Last year for Lent I gave up snarking. In response, my husband, my blog commenters, and even my literary agent deluged me with snark-worthy news stories, trying to get me to break my vow.
Now Snart writes: “Here it is Lent, and we haven’t asked if you’ve given up snarking this year. Sorry. Do let us know, so we can ‘help’ you along!”
The answer is no – I haven’t forsworn snarking. This year I’ve given up using my hands. It’s easier. Granted, with my arms tied behind my back the driving does get dicey. But I’m a whole lot less stressed out.
Nevertheless, vow or no vow, I am trying to avoid sarcasm. I want to become a kinder human being, and not make kittens cry, and avoid going to hell. As proof, here are recent stories I have not commented upon.
“Dawn Goes Lesbian.” For those in North America who still think the BBC broadcasts Jane Austen adaptations 24/7, brace yourselves. This documentary follows “Dawn, a girl-girl with a big love for men (‘as friends, lovers, boyfriends, anything!’) [who’s] prepared, for our sake, to thoroughly immerse herself in the lesbian life for a whole month.” The program was so hugely insulting, I can only beg the world’s lesbians: please don’t judge all us straight women by this twit. Thank God the Guardian‘s Anna Pickard, snark-maestra extraordinaire, live-blogged this one so I didn’t have to.
GOLDEN HILL, Md. — Contestant No. 1 sashayed down the catwalk, her hair bouncing in blonde curls, and smiled a radiant beauty-queen smile. She picked up a furry dead rodent about the size of a football.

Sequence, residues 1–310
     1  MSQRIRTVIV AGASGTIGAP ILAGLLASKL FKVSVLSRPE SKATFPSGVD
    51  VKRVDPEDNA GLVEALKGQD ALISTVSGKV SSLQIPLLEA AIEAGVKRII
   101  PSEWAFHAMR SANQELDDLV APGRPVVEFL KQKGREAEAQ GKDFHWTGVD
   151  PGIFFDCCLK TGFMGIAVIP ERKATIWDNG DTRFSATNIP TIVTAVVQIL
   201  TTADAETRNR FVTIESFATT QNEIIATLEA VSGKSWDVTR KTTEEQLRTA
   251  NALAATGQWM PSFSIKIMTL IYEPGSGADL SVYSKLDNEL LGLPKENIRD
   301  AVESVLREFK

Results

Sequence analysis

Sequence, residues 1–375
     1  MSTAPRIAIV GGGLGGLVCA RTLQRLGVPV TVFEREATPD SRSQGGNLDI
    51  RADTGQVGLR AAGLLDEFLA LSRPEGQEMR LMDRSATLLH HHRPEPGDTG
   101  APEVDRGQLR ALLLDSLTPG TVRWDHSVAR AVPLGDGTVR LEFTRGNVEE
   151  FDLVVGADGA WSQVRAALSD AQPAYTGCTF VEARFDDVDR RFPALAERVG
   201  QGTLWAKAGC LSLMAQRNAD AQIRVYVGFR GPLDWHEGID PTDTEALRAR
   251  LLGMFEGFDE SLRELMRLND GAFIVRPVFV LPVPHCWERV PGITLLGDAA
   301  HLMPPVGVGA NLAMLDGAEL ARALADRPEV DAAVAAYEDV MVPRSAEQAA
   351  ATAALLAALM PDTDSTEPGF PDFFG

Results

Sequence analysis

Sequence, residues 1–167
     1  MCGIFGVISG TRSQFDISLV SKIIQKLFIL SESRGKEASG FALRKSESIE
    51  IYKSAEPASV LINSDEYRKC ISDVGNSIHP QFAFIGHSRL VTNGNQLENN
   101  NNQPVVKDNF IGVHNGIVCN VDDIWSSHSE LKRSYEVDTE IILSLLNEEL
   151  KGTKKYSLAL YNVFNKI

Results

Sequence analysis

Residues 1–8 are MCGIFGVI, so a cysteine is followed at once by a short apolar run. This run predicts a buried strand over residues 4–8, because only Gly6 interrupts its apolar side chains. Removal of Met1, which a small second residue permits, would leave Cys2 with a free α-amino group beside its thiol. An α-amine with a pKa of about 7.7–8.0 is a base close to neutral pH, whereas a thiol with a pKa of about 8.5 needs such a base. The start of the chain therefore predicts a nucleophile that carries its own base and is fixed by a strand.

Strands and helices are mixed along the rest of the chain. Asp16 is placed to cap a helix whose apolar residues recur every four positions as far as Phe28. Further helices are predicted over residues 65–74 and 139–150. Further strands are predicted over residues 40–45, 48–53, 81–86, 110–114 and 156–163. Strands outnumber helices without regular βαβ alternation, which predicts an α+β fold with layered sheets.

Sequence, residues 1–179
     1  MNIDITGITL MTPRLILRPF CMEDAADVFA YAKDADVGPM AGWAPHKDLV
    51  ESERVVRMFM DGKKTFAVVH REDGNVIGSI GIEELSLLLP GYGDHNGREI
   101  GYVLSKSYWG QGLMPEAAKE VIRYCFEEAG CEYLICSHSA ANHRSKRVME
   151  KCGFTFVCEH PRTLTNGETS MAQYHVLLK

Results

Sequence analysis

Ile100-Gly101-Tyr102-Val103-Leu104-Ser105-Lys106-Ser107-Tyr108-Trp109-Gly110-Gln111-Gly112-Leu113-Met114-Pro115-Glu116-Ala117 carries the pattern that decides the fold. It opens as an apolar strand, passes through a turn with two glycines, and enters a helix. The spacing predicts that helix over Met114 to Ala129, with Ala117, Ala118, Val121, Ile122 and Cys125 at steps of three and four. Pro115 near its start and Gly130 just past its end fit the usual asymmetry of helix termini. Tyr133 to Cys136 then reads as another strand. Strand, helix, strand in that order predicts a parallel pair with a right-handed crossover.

Then she took out a very sharp four-inch blade and stuck the point in just above the animal’s tail.
“Then,” she said, narrating the incision as sweetly as a Miss America contestant talking about world peace, “you’re going to want to take your knife . . .”
It’s the Miss Outdoors 2008 pageant, which “combines the worlds of beauty contests and competitive muskrat skinning.”
” . . . You want to take your knuckles,” 17-year-old Samantha Phillips, Contestant No. 1, was saying. One of the pageant judges squinched up her face in shock. “And separate the meat from the hide, just like this.”
“Oh my God!” a boy in the audience yelled, at the sight of a woman in perfect makeup with her hand inside a muskrat.
Then, from another part of the crowd: an older woman’s voice: “She’s good.”
I repeat: I have not blogged about this.
Goodness has its limits, however, and the next story pushed me beyond mine: Language barrier scuppers walker.
A man who planned to walk from Bristol to India without any money has quit, after getting as far as Calais, France.
Mark Boyle, 28, who set out four weeks ago with only T-shirts, a bandage and sandals, hoped to rely on the kindness of strangers for food and lodging.
But, because he could not speak French, people thought he was free-loading or an asylum seeker.
He now plans to walk around the coast of Britain instead, learning French as he goes, so he can try again next year.
Mr Boyle, a former organic food company boss, belongs to the Freeconomy movement which wants to get rid of money altogether.
In Boyle’s freeconomy, generosity apparently begins with gimme. And so the Blanche DuBois walking tour grinds to a halt.
He forgot that give-and-take should involve more than taking. Well, I’m happy to give it to him.